Happy Samhain, my beloveds. It’s the first and last day of the witch’s year, and there’s already a bowl of candy on the kitchen table. I did roll out of bed and straight into eight complex tasks I had to accomplish before I was allowed to make coffee–one of which was taking Boxnoggin outside for his usual wake-up loo break. He is Quite Put Out that it’s so damp outside, and the wind flirting with the cedars also touched his rump, at which he gave a startled leap and looked at me as if I were responsible.
To him, I am a near-incomprehensible all-powerful goddess, so clearly the weather is some kind of terrible chthonic joke I’m playing on the world. I wish I had even a sliver of the might this poor dog attributes to me; I could do so much with it.
But the heat pump has been turned on, the bed made, Boxnoggin’s brekkie (ignored for the moment, until I head to the toaster) set out, a multitude of other preparations finished, and I can sit to absorb some caffeine for a few moments. Poor Lord van der Sploot is going to despise walkies today, despite begging for them the instant I finish my coffee. He’s going to give me so many reproachful looks, I can just tell, and when we get back home he’ll need a towel and a treat to mollify him.
Last night I finished absorbing an ancient battered paperback of Dick Gregory’s No More Lies, which was a well-written, engaging, truthful, and difficult read. Engaging with American history–cavalcade of genocide, enslavement, and robber-baron enrichment that it is–pretty much always nauseates. If you have any empathy, that is. Nothing in it was a surprise, though I did learn a few details about some specific events I hadn’t known before, and in Chapter VII, I came across one of the best passages I’ve ever read in a history book.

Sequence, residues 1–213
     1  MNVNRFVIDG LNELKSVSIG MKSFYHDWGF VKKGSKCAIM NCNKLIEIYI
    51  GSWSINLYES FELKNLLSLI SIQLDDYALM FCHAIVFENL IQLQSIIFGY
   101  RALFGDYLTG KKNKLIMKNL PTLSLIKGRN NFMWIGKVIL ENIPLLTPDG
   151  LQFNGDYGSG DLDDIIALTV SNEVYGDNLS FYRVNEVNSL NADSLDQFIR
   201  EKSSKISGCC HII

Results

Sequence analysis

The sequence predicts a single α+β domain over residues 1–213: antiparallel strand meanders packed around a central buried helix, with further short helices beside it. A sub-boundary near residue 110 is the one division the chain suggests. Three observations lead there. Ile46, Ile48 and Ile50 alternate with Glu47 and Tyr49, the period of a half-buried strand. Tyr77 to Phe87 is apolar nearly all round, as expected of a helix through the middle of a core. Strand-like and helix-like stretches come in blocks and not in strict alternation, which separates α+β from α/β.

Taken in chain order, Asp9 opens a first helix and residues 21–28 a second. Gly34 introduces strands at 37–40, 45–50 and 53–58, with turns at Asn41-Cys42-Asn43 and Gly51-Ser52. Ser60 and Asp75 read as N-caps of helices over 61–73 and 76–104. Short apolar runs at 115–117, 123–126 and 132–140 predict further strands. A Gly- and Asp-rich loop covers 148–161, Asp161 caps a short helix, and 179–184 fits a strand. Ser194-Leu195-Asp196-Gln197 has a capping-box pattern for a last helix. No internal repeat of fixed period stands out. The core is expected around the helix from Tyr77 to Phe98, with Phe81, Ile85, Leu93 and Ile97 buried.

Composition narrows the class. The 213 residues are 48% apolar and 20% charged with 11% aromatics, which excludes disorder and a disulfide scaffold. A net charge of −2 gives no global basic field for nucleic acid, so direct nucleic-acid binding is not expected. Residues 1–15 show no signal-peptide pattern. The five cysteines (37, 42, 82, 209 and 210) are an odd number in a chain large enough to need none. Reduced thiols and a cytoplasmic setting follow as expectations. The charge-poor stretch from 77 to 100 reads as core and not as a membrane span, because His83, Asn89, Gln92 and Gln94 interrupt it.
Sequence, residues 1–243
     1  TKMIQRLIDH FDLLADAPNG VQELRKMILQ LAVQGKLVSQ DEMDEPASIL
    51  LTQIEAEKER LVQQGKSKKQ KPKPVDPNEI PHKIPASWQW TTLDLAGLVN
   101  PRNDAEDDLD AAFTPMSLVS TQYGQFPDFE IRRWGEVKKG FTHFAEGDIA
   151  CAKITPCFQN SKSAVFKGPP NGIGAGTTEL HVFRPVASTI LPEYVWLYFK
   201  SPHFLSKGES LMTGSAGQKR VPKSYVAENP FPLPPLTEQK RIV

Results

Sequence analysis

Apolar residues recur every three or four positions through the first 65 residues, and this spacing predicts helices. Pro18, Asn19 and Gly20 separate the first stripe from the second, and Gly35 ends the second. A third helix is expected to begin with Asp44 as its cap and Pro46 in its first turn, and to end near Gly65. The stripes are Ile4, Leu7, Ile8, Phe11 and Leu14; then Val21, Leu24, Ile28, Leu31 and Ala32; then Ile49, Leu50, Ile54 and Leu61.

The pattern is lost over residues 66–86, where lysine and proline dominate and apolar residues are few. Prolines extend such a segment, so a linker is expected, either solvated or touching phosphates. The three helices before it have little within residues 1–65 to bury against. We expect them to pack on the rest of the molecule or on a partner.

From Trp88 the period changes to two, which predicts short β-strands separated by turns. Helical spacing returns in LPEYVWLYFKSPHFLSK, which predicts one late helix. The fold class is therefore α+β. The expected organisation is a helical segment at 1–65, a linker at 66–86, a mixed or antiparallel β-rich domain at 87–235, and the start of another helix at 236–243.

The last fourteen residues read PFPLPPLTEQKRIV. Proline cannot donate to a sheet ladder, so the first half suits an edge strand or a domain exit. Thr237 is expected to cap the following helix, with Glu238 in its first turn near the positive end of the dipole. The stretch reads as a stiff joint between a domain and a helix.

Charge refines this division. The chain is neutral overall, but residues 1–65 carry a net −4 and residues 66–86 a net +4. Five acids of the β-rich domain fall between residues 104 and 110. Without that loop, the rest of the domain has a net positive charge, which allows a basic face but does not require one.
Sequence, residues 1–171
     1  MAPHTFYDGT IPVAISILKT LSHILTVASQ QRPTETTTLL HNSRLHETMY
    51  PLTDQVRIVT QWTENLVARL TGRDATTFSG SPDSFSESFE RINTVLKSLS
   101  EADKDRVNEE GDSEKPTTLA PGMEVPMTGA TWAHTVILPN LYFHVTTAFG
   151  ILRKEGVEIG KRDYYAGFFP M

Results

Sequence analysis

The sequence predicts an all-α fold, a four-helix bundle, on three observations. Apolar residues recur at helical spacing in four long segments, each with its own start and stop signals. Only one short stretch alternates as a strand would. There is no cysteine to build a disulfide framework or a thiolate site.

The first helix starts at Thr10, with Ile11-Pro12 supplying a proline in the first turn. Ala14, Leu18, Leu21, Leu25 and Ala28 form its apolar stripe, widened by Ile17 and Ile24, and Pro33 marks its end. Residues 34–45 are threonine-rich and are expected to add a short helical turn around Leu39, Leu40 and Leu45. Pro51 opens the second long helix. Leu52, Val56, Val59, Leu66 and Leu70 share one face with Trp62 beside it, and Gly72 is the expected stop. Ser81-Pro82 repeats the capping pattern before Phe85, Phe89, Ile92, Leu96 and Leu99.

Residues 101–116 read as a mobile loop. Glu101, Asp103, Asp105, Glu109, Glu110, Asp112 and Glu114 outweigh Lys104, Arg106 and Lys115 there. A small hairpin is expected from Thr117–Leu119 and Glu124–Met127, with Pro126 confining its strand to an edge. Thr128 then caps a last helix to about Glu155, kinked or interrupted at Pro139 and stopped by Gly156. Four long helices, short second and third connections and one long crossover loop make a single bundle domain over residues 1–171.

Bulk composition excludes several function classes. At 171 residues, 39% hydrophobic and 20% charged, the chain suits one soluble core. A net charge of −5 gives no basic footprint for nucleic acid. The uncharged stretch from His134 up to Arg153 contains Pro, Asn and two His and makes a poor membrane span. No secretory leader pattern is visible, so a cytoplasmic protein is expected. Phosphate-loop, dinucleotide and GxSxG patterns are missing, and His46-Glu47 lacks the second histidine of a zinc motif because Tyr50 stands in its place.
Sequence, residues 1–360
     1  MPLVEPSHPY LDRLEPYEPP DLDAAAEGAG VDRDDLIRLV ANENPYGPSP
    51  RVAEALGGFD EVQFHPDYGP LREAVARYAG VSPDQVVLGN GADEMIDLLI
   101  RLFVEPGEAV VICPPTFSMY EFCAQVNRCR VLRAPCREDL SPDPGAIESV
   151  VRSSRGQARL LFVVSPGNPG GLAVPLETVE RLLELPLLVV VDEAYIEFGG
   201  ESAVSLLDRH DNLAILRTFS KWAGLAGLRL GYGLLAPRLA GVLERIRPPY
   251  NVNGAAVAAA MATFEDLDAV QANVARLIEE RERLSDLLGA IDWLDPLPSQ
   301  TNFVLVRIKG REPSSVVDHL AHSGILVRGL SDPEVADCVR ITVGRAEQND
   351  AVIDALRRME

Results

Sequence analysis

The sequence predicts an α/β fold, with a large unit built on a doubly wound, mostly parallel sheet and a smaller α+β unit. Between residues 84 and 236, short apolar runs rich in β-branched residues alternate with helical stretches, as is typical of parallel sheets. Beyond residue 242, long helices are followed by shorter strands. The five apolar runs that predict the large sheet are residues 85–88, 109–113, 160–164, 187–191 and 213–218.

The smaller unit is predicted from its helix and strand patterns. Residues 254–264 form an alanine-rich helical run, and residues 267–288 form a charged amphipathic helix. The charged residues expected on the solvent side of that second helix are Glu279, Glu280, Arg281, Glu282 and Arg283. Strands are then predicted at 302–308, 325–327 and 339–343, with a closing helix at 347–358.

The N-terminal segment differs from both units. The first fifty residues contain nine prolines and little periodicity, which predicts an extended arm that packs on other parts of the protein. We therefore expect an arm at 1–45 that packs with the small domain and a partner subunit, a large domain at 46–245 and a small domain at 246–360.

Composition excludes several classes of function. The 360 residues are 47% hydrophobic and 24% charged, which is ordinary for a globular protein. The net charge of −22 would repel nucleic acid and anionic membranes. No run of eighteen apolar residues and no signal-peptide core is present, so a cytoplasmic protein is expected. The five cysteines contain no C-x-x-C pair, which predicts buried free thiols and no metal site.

Although repression is a futile solution, it is a legitimate reaction. All men have the basic right to be afraid, regardless of how wrong, how degenerate, or how insane they are.–Dick Gregory, No More Lies: The Myth and the Reality of American History
It’s very kind to attribute cruelty, bigotry, and misogyny to fear instead of just sheer sociopathic cruelty. I think fear is always a component to varying degrees, though most of it is simply that many people are comfortable with being cruel and even enjoy it when there are no consequences. A steady, swift application of social disapprobation and financial penalties for being a bigoted dickwad would do a great deal to correct and deter most fascist fellow-travelers; unfortunately, our entire society is set up to reward such behavior instead.
The level of espresso in my mug is dropping, and my tissues are soaking up the caffeine like dry earth gratefully swallowing the autumn rains. I suppose it’s time to think about brekkie, drop the leftover toast crusts in Boxnoggin’s bowl, get out the trench coat, and go for a damp ramble with the dog. I’ll be cooking all day, except for if/when I manage to squeeze in an extra livestream–I think I might read Poe’s Tell-Tale Heart to you madcaps, since it’s my favorite of his short stories and I haven’t cracked open my Compleat Edgar Allen for a hot minute. (I’ll probably hit Twitch this afternoon.)
Rain on the roof, all the high-fructose corn syrup we can handle, a day completely off because for godsake I’m not working on Samhain, and tonight we’ll burn wishes for the upcoming year on perfumed joss paper…my dance card is full.
I hope you have a blessed day, my dears. I wish you a pleasant holiday.